“With the standardisation we made a big step forward. What we see in general is designs come out with less bugs,” said Alex Rath, Director Concept, Digital Design and Verification at Infineon and Technical Program Chair of DVCon Europe. “The more controversial part is if you look at the amount of computational and human resource that the industry is still throwing at the problem, this is still tremendous, and that’s a cost.”
The standard is of course being extended to address the needs of verification engineers, and this is leading to more fragmentation.
“What we have seen is a strong UVM baseline but we saw papers working as an extension, on top of UVM, using different languages and with this exploration we start to diverge again as people are going to all kinds of non-standard things,” said Barnasconi. “That’s a very interesting trend and good to explore the missing elements in the verification framework, such as mixed signal, software, testing for functional safety and security. Teams of engineers have been trying to find ways to extend UVM or formal methods to master the new requirements in the last couple of years. They need more than is currently available in the standard or the tools so its going to be more fragmented. Five year or ten years from now I would expect a consolidation of these ideas into the next big revision of a standard.”
The need for software verification on top of hardware is an increasingly key issue and this has been driving the use of digital twins. These are software simulation models, sometimes up to the level of a complete system that can be used for validation, rather than verification.
“That is another angle where there is friction between the UVM hardware oriented methodology and how software verification is done with unit test so we need to move from a hardware centric approach to co-verification,” said Barnasconi. “We have been talking about this for a decade. Is there a common way of working? Not really.”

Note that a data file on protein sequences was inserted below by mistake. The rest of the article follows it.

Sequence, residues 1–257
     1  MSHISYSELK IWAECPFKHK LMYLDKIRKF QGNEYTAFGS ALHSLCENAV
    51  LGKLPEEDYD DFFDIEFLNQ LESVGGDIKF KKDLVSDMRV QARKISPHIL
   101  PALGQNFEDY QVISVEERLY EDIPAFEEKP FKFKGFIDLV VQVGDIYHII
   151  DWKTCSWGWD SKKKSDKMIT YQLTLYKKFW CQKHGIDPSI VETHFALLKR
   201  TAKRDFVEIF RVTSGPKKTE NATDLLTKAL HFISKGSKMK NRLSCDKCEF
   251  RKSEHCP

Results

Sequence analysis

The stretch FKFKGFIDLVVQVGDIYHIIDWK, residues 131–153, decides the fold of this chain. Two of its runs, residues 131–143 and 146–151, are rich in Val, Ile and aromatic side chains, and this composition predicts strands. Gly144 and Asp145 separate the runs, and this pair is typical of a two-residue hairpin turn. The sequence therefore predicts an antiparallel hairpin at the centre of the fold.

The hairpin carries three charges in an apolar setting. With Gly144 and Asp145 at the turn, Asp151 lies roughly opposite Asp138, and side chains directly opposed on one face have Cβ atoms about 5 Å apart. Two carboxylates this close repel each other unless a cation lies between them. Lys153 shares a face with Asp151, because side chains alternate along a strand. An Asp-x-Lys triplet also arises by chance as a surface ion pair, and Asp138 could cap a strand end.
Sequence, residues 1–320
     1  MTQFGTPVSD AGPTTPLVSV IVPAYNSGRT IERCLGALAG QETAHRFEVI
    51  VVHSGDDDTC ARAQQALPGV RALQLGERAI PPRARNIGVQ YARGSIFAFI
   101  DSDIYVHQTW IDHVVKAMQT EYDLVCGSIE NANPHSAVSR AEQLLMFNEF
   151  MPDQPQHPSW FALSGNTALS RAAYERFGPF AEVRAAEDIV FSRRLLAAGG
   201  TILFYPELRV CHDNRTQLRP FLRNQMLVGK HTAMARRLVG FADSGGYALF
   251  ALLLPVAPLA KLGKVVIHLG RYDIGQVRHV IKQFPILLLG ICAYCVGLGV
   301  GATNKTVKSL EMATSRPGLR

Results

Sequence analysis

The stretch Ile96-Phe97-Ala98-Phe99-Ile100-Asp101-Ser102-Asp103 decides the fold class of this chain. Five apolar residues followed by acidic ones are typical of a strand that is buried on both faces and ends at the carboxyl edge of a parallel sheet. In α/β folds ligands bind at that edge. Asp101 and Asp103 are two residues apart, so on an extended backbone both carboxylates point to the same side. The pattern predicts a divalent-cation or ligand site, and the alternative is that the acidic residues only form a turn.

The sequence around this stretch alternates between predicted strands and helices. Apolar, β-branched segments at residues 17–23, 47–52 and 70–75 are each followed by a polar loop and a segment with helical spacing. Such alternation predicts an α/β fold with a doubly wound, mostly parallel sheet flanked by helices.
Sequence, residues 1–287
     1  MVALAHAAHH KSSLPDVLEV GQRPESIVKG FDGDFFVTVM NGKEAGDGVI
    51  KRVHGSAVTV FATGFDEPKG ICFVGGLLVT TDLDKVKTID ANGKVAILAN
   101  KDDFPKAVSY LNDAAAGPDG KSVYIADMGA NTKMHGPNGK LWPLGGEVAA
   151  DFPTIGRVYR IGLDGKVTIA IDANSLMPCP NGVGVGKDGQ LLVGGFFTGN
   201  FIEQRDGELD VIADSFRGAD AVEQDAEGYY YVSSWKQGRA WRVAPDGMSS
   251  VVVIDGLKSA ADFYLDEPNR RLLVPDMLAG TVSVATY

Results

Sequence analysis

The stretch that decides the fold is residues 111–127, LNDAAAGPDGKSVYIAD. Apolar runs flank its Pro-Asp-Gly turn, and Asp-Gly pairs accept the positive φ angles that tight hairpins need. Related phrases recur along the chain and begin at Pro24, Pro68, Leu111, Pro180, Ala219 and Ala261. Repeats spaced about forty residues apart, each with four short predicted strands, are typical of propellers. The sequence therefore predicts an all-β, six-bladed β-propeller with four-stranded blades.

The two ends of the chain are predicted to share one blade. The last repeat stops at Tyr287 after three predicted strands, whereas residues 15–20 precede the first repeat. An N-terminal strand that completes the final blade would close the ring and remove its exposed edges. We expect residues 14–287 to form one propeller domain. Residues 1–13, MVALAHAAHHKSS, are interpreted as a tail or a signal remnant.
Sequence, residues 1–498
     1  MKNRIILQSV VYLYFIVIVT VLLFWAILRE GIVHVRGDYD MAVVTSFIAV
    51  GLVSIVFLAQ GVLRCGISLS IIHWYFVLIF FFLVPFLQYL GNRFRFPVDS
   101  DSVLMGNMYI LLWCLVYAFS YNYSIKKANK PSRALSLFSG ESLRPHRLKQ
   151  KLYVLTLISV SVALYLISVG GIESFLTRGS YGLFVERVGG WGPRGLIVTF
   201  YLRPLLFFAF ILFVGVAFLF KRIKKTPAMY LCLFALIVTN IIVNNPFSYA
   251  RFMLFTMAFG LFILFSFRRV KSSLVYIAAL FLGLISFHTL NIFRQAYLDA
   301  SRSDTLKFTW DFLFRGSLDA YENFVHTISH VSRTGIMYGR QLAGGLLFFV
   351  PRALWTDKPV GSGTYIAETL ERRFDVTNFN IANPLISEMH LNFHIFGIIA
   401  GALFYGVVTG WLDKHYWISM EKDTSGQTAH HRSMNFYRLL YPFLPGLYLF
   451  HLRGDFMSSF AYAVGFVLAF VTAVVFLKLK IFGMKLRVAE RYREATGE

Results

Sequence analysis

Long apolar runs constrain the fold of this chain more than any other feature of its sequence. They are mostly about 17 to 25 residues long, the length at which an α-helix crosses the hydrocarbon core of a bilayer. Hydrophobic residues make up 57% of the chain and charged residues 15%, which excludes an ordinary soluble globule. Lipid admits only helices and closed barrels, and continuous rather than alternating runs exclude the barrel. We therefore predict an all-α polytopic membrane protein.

“Digital twin is more and more emerging but there is an unanswered question,” says Rath. “Is it a verification vehicle or a system validation or virtual prototyping vehicle – this question is not answered for me yet. To build a working digital twin you need a lot of high level abstraction and this perhaps eclipses the bugs that you wanted to find.”
The system level verification is a key area for the Accellera consortium with SystemC language.
“The process of the Digital Twin is to combine the different stages of the lifecycle, but equally important is the digital trends, the connection between all the steps, connecting to the verification environment,” said Barnasconi. “The industry is not there yet with verification at the system level. If you want to do a real top down design flow with a digital twin, having the twin is one thing, but you need to verify it works in the environment so my verification environment is orders of magnitude more complex.
“It will be a real challenge to move existing verification models to the system level and I think there we have huge challenges,” he said.
Verification is currently still very bounded with clear, fixed use cases and clear standards to verify against. The move to digital wins, especially in areas such as autonomous vehicles, is a real challenge
“For autonomous vehicles, there is no standard or structure, so how do you deal with uncertainty and chaos,” he said. “How do I translate requirements into use cases? Although we have a good track record in developing languages etc are we ready for this challenges, addressing real world scenarios, whether it’s a chip or a car, we still have a long way to go.”
“Is this a verification vehicle or is it something else,” says Rath. “With more abstraction you are validating, not verifying the software or the hardware. So that’s an interesting question, where will be end up.”